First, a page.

The Nintendo Switch is a hot commodity right now. It is nearly impossible to find at retail and online stores, and while Nintendo has said it is ramping up production to meet the demand caused by the COVID-19 lockdown, that hasn't happened quite yet. If it has, resellers are outsmarting everyone with bots that can snatch Switches up faster than humans can from Amazon, Best Buy, and GameStop, flipping them for profit on sites like eBay and Craigslist. And now there's another platform where people can sell (or buy) the Switch: StockX, where listings for the Lite versions of the console have started popping up.
Seizing the moment — At the moment, the Switch Lite is reselling for between $211 and $229 on StockX depending on the color, slightly above the $199 MSRP. The addition of the product couldn't come at a better (worse?) time for StockX, which clearly sees an opportunity to profit off the current insane demand for the Nintendo Switch.
Interestingly enough, there aren't any regular Switches being sold on StockX as of this writing, but now that floodgates are open, it's likely only a matter of time before those show up, too. The non-Lite Switch can be found across the internet for as much anywhere from $450-$500 brand new, well above its retail price of $299. They have been restocking over the past few days on Amazon, Best Buy, and Game Stop, but they're usually gone in seconds — and those units end up on the resale market.
Beyond sneakers — Over the past few years, StockX has slowly begun making a push to break into categories beyond streetwear and sneakers, the original core of its business. In 2017, the company started a vertical for watches and handbags from high-end fashion and luxury brands, including Louis Vuitton and Roles. Last year, StockX also opened a buy-and-sell marketplace for collectibles, such as Pokémon trading cards, rare Supreme skateboards, and KAWS vinyl figures, products that can resell for thousands of dollars.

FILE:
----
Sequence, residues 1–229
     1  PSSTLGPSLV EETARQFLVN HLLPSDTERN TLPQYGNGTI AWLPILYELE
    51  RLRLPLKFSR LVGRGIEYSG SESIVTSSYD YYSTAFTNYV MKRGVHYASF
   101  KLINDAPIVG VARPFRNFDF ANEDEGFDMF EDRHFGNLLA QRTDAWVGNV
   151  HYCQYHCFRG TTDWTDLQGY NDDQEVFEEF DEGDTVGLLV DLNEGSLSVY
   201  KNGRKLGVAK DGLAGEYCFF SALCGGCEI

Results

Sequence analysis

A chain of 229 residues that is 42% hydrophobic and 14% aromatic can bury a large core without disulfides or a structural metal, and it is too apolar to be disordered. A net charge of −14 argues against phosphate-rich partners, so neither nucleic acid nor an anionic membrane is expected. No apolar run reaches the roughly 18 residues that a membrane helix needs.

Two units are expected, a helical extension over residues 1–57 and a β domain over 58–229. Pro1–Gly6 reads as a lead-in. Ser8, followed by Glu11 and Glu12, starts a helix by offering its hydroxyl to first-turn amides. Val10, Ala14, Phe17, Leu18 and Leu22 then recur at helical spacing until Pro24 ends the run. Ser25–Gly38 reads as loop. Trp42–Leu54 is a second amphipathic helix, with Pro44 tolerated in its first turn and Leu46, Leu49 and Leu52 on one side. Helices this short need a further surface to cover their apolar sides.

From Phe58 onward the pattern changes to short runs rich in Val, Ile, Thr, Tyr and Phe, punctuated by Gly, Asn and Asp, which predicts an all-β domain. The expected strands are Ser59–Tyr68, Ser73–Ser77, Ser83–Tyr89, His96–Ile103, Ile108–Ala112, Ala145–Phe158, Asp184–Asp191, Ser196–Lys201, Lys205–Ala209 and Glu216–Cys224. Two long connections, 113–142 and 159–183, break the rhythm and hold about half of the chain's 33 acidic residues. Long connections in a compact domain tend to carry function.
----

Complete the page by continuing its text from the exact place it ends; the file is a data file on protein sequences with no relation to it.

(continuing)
This is all part of StockX's plan to race toward profitability, as it looks to eventually become a public company. Just last month, Input broke the news that StockX had laid off 12 percent of its workforce, a move that was designed as a drastic cost-cutting measure.
"As a global startup that has experienced hypergrowth, it is important to reflect and pivot to capitalize on future operations," StockX CEO Scott Cutler said in a blog post in April, after we reported on the company's layoffs. "As we continue to provide the highest level of service to the millions of global customers who rely on us, purposeful structure, unwavering determination and hard choices are required. The current climate coupled with the need to optimize for future success led to the prudent but difficult decision to reduce our workforce by 12%."
Cutler added that, in order to navigate "today's new normal," StockX needs to invest in "long-term sustainability to better serve our customers tomorrow and in the years ahead."